Category Archives: General

Happy 3*11*61

It’s common for the Putnam exam to include problems that involve the number of the current year in some way. (There weren’t any such problems on the past exam, but in 2011 there were two, A1 and B4.) Usually these problems don’t rely on any specific property of the number, but they simply use the number as a stand-in for “n”, so as to make the problem a little bit more concrete; for example, for either of the 2011 problems, you could replace the number 2011 with any other number without changing the nature of the problem.

Continue reading

Tagged , , , ,

Imagist poetry and mathematics

This post is about something I’ve been thinking about since my undergraduate days–the parallels between mathematics and the Imagist movement in poetry.

The key idea of Imagism was that a poem should describe its subject as it “truly is”, without unnecessary words, and without introducing the feelings and personal perspectives of the poet. In its unattainable ideal, an Imagist poem is poet-independent, in that one would hope that two Imagist poets writing about the same subject would write the same poem. And that poem would be the perfect poem on that subject, using exactly the right words in the most elegant possible way.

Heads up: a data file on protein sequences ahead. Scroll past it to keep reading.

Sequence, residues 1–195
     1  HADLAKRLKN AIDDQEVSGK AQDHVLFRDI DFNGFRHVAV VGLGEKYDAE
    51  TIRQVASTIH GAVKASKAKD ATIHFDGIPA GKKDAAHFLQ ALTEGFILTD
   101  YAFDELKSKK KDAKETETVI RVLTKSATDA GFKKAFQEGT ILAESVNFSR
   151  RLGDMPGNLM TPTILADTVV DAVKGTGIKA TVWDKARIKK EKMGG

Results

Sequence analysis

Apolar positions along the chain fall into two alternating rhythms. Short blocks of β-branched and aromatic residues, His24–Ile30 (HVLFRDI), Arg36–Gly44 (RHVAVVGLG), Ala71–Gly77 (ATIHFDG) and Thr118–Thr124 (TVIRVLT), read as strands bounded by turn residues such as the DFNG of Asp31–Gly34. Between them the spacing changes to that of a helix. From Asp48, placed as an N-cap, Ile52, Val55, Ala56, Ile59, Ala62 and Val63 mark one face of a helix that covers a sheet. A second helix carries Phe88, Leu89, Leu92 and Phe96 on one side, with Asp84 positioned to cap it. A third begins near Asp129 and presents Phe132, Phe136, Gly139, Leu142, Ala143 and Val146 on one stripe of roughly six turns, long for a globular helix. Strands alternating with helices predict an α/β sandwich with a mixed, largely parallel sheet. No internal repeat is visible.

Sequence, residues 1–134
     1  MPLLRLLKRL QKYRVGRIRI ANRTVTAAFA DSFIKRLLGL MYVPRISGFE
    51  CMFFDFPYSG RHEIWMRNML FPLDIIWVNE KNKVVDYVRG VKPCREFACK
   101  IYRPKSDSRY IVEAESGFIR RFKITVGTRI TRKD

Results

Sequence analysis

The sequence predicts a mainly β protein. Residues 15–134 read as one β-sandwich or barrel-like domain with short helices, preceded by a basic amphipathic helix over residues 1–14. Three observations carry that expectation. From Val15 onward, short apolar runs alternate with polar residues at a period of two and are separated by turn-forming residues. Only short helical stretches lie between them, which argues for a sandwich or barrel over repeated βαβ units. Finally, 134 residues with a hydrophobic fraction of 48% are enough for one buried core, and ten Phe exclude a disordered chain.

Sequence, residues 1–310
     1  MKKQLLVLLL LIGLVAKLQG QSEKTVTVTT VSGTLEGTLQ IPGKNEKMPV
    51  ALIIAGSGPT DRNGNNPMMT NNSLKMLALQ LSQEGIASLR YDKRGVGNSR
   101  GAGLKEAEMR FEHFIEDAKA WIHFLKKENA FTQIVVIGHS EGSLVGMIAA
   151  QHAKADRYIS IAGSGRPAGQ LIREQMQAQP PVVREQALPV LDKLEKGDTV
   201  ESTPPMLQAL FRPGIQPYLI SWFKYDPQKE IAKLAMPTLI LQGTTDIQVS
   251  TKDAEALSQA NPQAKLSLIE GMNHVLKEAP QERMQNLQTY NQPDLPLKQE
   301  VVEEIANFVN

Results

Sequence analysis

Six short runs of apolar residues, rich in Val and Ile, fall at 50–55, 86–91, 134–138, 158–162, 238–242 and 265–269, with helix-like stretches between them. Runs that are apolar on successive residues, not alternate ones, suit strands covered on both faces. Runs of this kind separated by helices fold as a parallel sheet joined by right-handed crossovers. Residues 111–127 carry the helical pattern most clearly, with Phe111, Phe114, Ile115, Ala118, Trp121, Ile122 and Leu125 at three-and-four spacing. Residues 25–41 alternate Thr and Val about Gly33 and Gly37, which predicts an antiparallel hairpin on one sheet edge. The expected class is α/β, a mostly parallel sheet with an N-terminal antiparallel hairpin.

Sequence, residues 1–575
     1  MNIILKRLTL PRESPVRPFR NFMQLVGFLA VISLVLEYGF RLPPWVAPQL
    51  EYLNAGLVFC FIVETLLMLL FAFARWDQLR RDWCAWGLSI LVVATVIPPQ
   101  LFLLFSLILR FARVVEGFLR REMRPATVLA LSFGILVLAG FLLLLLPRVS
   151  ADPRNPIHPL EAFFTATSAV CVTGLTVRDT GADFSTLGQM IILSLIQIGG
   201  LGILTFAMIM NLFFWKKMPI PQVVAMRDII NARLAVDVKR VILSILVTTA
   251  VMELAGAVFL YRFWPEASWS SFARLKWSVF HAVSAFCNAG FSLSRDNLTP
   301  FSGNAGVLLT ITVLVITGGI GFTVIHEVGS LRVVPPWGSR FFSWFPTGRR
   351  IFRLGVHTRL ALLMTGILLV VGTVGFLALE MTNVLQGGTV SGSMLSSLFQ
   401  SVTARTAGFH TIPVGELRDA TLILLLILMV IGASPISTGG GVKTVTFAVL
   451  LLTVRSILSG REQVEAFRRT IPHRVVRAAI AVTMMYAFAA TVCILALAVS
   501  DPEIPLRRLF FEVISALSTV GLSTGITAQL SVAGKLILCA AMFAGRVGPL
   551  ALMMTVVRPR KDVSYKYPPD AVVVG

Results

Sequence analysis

Continue reading

Tagged , ,

Superman’s mathematics

I recently came across this comic panel in a series of “Rubbish superpowers”. I have to say I’m a little bit ambivalent about it. On the one hand, it’s awesome that Superman used the term “super-mathematics”. On the other hand, the math he uses is just multiplication.

When we refer to mathematics as a superpower, we suggest that it’s powerful and cool. But superpowers also have the connotation of being arcane or completely inaccessible to mere mortals. It’s important to emphasize that everyone can learn math, and everyone should have at least basic math skills.

Of course, there’s no doubt that math is more useful than X-ray vision.

Tagged ,

First post, Emmy Noether

I’ve been debating for some time what to write about in my first post. As luck would have it, I discovered this recent New York Times article about Emmy Noether. Not that discovering the article was hard; it’s currently first on the list of “most emailed” articles.

I’m completely in agreement with Ransom Stephens, who said, “You can make a strong case that her theorem is the backbone on which all of modern physics is built.” Noether’s Theorem really does provide the organizing principle that underlies the Standard Model of particle physics.

Continue reading

Tagged , ,